Clay Siegall is the founder and CEO of Seattle Genetics, a firm dedicated to the development of new drugs in the fight against cancer. Since 1998, Dr. Clay Siegall has led the firm to the development of the world’s first FDA-approved antibody drug conjugate, ADCetris. Today, the company holds over 20 patents and has eight drugs currently in the development pipeline.
I want a new drug
Dr. Siegall founded Seattle Genetics in 1998 shortly after leaving a senior research post at Bristol-Myers Squibb. At the start, he had a little more than a small staff of researchers and a thin budget. By 2001, Siegall was ready to lead the company in its IPO. This event, the largest biotech IPO in history, raised over $1.2 billion and infused Seattle Genetics with sufficient capital to continue on their mission to develop new and innovative drugs in the fight against cancer.
Over the next decade, the firm developed a number of patented processes and novel drugs that would go on to become staples in various areas of cancer treatment. In 2011, ADCetris, an antibody drug conjugate, became the first drug of its kind to be approved by the FDA for use in actual treatment of cancer patients. The drug was initially approved for use in refractory cases of Non-Hodgkin’s lymphoma, but it is now being considered for a wide range of other possible diseases.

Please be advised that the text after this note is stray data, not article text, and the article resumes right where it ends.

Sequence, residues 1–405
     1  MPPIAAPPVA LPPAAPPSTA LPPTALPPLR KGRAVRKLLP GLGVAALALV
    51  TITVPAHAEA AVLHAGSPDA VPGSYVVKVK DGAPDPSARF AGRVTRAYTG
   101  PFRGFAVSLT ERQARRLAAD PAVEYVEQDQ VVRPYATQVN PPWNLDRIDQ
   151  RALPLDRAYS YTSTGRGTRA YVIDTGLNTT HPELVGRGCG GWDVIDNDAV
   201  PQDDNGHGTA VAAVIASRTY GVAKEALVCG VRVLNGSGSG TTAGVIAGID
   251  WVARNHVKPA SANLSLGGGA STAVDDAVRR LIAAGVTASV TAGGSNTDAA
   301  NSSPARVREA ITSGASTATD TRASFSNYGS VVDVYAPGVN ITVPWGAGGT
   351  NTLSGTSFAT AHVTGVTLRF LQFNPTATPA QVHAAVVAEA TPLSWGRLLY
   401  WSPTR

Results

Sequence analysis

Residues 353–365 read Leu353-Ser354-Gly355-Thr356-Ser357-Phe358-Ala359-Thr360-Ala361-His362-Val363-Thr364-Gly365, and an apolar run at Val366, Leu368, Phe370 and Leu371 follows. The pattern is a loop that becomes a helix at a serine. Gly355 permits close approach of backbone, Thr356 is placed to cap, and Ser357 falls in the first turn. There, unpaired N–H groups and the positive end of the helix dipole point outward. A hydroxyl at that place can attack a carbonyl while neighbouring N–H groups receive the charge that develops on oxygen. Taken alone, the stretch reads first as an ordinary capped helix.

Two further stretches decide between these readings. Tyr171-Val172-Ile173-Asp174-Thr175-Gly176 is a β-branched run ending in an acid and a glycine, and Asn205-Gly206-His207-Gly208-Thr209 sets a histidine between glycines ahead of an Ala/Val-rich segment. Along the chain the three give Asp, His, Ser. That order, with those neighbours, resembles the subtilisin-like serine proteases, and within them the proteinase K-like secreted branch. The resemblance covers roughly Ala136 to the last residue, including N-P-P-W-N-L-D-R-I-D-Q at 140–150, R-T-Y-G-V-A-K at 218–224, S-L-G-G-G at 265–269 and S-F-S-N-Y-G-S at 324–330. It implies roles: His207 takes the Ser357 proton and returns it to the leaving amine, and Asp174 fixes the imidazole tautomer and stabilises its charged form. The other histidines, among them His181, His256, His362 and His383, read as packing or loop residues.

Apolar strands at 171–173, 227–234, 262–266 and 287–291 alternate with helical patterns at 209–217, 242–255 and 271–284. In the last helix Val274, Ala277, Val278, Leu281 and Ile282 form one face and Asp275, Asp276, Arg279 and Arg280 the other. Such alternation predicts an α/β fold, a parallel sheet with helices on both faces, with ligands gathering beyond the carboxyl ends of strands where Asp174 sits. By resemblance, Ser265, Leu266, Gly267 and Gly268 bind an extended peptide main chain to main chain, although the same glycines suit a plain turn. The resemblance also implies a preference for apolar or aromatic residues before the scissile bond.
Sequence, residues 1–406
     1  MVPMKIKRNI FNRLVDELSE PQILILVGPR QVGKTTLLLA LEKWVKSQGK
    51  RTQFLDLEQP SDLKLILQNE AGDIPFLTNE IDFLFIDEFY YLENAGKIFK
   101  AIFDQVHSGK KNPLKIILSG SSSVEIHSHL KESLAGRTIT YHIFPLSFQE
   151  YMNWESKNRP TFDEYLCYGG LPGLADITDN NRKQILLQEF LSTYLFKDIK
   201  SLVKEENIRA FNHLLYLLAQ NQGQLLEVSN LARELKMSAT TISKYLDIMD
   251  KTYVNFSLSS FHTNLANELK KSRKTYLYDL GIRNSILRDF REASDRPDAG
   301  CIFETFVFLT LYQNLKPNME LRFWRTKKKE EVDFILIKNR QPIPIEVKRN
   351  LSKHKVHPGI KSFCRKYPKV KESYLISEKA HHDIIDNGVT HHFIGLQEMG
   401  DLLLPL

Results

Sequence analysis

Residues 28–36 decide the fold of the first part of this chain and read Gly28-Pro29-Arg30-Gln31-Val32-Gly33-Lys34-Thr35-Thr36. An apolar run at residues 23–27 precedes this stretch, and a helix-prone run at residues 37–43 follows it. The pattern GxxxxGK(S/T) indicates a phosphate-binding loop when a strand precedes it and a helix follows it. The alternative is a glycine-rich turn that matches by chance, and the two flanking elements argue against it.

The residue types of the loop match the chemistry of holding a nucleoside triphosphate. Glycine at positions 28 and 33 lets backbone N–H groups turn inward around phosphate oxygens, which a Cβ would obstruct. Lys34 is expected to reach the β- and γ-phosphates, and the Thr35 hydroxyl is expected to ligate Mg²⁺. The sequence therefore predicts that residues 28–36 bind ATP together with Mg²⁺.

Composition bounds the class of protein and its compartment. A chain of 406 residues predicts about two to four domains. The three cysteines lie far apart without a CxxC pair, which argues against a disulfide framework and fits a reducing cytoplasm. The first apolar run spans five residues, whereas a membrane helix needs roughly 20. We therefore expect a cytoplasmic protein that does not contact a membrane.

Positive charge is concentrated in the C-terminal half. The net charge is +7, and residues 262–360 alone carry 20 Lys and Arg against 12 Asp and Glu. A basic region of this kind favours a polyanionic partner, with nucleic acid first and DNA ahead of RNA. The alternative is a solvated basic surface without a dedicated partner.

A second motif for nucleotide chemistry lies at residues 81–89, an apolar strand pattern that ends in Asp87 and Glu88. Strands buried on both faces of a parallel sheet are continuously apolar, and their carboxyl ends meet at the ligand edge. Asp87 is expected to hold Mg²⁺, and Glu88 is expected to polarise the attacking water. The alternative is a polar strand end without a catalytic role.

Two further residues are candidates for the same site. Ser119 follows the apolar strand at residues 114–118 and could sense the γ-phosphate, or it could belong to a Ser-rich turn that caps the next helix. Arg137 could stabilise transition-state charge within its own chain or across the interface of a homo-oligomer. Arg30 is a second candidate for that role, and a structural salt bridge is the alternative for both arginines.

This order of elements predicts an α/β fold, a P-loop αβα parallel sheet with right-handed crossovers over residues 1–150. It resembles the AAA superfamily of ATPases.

Seattle Genetics currently has eight drugs in the development pipeline. Dr. Siegall hopes that these drugs will prove effective across a wide array of cancer types. With the proven success of ADCetris, Dr. Siegall is confident that these new drugs in development will soon be FDA-approved and on the shelf within the next 5 to 10 years.
The potential of this class of drugs almost cannot be overstated. Because of their ability to target only malignant tissue, antibody drug conjugates have the potential to become a cure for many types of cancer. This is due to the property that these drugs do not systemically release cytotoxic agents. It is the systemic release of cytotoxins that caused the horrendous side effects of chemotherapy. By eliminating this problem, antibody drug conjugates promised to radically increase the therapeutic window available to fight malignant tissue. This may allow total destruction of the malignancy and just one course of treatment.